Back in the day, those of us who advocated unique corporate names decried the “e” prefix. It quickly became passe with the bursting of the 1990’s Internet bubble. But those intrepid entrepreneurs today have this new trend: adding the “ly” suffix to common words.
Yes, the naming lemmings have invented lemminglys. They’ve turned nouns and verbs into adverbs by adding “ly” and finding they can register them as domain names. Yes, this is basically an Internet phenomenon.
And the cry has gone out for restraint as noted in the blog called “ValleyWag”, and the Pinterest Board by Nancy Friedman.
I join their cause. Following a trend, particularly in naming, is dangerous in several ways
The Danger of Adverbial Names
First, this is a fad that will date your name as a 2013 imitator.
Second, with so many following the trend, every name loses its uniqueness , not to mention originality.
Third, the “cleverness” of this technique will wear off very soon so that those “ly” names will all blur together in people’s minds.
I know that Internet companies must attempt to find names that others have not taken if their names are to also be their domain names. There’s no room for two or more “Doves” (one a chocolate bar, and another, a beauty soap), as Internet addresses. And because of the still-thriving business of buying and stockpiling names for sale at a later date for “big bucks”, it can cost dearly for a name that is not only customer-friendly, but also Internet-ready. So…what to do?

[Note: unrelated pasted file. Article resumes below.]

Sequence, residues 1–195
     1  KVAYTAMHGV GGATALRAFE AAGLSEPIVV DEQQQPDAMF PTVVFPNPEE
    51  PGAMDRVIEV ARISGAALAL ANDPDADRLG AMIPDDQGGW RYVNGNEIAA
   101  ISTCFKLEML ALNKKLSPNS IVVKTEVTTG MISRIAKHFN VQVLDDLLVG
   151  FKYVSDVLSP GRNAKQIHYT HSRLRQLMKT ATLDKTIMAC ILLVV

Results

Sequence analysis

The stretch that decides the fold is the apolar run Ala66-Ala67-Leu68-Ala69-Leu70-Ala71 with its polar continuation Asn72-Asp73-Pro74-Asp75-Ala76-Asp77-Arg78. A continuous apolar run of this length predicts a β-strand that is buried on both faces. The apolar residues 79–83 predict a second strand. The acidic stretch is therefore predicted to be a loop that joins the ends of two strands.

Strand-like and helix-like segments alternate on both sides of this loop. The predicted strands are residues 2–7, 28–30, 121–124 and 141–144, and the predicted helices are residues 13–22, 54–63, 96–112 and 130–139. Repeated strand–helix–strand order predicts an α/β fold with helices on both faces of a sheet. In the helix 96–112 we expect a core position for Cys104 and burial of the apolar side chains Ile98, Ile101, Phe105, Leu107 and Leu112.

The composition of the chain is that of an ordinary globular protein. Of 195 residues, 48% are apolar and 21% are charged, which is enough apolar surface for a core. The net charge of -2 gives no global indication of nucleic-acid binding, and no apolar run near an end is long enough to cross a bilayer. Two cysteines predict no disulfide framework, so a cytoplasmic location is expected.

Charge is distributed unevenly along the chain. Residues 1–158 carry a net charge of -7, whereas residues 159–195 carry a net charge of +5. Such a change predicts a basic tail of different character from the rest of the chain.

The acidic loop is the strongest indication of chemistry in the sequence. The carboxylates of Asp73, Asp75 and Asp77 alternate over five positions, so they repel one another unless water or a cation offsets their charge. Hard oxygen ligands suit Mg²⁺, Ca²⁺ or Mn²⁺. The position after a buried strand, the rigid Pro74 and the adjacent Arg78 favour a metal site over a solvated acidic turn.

Take Time with the Naming Process
Begin by generating lists of name candidates – many lists from all sorts of sources. Create a set of “best practices” and “company specific” criteria. Then with your list(s), begin looking for how you can substitute characters, delete or add others, mix and meld words and do many of the other little tricks I’ve introduced in the blogs here at Business Naming Basics.
Then use your criteria to make your selections. (And I suggest NOT turning name candidate into adverbs as a major criterion).
So you may then find some disappointments when candidates are not available for your use. Be patient. Create more lists Review candidates that didn’t make the first cut. Modify some more. Add some more.. Call for reinforcements if necessary. Give it time.
You want a name that will last over time, that will still be fresh, albeit familiar by then. Because it is so important for your immediate and future success, spend time now getting it right.